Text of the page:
5. Create the Suspected Child Abuse Report (SCAR) (for allegations other than general neglect) and cross report to law enforcement.
  6. Cross-Report to additional agencies if necessary.
  7. Map the referral according to assignment criteria.

CPH SCSW Responsibilities

  1. Review the referral and the SDM Hotline tool used by the CSW for accuracy.
  2. If necessary, take steps to correct the referral before approval and assignment.
APPROVALS

CPH SCSW Approval

  • Approve the SDM Hotline Tool
  • Approve the referral
HELPFUL LINKS
REFERENCED POLICY GUIDES

0050-502.10, Child Protection Hotline

0050-503.15, Response Times for Referrals

0050-504.05, Referral Assignment Criteria

0070-515.10, Changing Response Times, Evaluating Out, and Re-Mapping Emergency Response Referrals by Regional Staff

0070-548.24, Structured Decision Making (SDM)

STATUTES AND OTHER MANDATES

All County Letter (ACL) 17-85 – Describes the steps necessary when assessing and investigating referrals involving third party perpetrators of child abuse or neglect, including non-parent minor perpetrators, non-household perpetrators, and unknown perpetrators. It also provides guidance for coordinating such investigations with law enforcement.

California Department of Social Services (CDSS) Manual of Policies and Procedures (MPP) Division - 31-105- states in part that, the social worker shall immediately initiate and complete the Emergency Response Protocol process to determine whether an in-person investigation is required. It further spells out the recording of all available and appropriate information on the Emergency Response referral.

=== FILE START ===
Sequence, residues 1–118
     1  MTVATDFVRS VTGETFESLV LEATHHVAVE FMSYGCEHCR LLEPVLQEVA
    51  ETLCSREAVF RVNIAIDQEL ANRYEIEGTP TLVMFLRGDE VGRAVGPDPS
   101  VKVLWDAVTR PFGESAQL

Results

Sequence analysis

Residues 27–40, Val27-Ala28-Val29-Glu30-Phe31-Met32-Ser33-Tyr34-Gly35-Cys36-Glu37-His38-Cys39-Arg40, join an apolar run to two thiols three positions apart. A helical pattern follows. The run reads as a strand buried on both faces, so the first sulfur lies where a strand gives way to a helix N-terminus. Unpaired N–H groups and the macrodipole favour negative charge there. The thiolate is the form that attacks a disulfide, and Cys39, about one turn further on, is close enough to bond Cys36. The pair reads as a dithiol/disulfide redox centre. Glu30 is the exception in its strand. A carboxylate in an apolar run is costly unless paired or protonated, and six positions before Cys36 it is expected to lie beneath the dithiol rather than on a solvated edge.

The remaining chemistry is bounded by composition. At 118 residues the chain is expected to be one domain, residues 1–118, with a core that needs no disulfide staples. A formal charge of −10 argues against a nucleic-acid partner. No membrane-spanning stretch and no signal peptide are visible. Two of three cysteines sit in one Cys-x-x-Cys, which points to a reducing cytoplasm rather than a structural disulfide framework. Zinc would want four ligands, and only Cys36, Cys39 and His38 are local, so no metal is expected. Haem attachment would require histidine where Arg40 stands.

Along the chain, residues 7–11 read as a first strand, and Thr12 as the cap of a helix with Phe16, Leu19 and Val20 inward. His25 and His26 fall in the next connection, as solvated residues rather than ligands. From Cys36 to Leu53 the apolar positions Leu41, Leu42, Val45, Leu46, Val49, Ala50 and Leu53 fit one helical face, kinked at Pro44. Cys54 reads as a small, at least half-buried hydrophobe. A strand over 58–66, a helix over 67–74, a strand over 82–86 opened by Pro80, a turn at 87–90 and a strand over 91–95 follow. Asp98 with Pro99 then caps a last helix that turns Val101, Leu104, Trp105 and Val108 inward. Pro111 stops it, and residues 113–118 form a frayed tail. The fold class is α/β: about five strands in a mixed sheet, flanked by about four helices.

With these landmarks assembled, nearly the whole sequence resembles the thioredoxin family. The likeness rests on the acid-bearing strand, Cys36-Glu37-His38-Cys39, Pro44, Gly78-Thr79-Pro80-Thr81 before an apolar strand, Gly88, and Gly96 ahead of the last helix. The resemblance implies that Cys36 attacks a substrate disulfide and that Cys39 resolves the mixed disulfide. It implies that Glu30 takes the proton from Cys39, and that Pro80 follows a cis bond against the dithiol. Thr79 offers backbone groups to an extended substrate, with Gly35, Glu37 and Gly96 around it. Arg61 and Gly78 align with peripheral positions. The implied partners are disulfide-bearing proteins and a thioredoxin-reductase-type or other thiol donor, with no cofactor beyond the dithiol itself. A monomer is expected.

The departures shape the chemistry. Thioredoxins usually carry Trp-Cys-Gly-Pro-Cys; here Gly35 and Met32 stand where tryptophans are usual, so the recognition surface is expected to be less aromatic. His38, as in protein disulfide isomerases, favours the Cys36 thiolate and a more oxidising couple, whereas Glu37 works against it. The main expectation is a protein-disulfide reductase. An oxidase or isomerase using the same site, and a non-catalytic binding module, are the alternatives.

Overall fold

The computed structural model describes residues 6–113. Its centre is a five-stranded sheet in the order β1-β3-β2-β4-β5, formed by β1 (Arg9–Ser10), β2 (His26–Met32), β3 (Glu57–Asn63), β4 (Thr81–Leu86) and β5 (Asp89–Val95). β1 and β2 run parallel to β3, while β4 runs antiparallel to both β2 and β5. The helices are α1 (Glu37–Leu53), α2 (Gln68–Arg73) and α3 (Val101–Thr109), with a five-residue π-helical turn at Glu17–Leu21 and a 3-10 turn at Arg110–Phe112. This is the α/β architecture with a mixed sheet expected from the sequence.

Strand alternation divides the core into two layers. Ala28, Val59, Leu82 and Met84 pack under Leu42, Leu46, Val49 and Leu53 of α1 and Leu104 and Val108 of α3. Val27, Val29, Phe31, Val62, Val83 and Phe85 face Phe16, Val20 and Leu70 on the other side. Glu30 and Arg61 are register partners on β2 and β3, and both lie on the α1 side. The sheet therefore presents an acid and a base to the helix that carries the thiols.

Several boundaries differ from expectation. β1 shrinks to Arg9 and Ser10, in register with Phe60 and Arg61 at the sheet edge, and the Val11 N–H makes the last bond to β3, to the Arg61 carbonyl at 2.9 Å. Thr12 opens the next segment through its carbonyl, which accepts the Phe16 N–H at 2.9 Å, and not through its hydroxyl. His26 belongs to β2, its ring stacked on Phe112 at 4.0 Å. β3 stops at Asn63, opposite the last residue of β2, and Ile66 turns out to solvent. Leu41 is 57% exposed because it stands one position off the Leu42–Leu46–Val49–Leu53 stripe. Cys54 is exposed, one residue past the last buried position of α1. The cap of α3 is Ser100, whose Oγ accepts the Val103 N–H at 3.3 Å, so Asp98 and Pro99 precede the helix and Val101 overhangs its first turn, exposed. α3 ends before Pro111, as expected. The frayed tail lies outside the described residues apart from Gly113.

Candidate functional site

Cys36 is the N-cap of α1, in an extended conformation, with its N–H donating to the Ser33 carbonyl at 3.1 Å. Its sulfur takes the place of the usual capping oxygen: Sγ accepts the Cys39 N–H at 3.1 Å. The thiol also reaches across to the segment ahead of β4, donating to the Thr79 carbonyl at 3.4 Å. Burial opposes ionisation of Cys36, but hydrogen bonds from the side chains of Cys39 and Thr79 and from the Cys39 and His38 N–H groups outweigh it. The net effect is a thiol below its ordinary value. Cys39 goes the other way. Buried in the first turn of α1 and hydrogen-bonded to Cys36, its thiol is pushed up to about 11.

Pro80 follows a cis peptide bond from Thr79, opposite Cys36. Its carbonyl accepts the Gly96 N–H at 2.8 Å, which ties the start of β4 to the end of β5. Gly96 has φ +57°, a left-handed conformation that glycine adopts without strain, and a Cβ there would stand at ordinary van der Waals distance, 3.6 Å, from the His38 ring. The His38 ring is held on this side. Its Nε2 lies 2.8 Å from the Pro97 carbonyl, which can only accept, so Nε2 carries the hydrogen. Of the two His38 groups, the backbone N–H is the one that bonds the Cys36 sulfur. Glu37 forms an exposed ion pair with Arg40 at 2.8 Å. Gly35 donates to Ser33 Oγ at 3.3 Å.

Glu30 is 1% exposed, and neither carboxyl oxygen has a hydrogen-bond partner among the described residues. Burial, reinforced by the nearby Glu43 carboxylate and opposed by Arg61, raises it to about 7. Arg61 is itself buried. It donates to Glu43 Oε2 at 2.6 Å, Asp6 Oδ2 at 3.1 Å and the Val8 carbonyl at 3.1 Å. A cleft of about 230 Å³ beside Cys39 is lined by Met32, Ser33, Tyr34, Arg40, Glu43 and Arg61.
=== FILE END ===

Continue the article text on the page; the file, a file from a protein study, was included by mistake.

Penal Code (PEN) Section 236.1 – Defines “human trafficking,” “commercial sex act,” and other related terms.

PEN 11166(j) - A county probation or welfare department shall immediately, or as soon as practicably possible, report by telephone, fax, or electronic transmission to the law enforcement agency having jurisdiction over the case, to the agency given the responsibility for investigation of cases under Section 300 of the Welfare and Institutions Code, and to the district attorney's office every known or suspected instance of child abuse or neglect, as defined in Section 11165.6, except acts or omissions coming within subdivision (b) of Section 11165.2, or reports made pursuant to Section 11165.13 based on risk to a child which relates solely to the inability of the parent to provide the child with regular care due to the parent's substance abuse, which shall be reported only to the county welfare or probation department. A county probation or welfare department also shall send, fax, or electronically transmit a written report thereof within 36 hours of receiving the information concerning the incident to any agency to which it makes a telephone report under this subdivision.

Welfare and Institutions Code (WIC) Section 300(b)(2) – States, in part, that a child who is sexually trafficked, as described in Section 236.1 of the Penal Code, or who receives food or shelter in exchange for, or who is paid to perform, sexual acts described in Section 236.1 or 11165.1 of the Penal Code, and whose parent or guardian failed to, or was unable to, protect the child, is within the description of this subdivision, and that this finding is declaratory of existing law. These children shall be known as commercially sexually exploited children.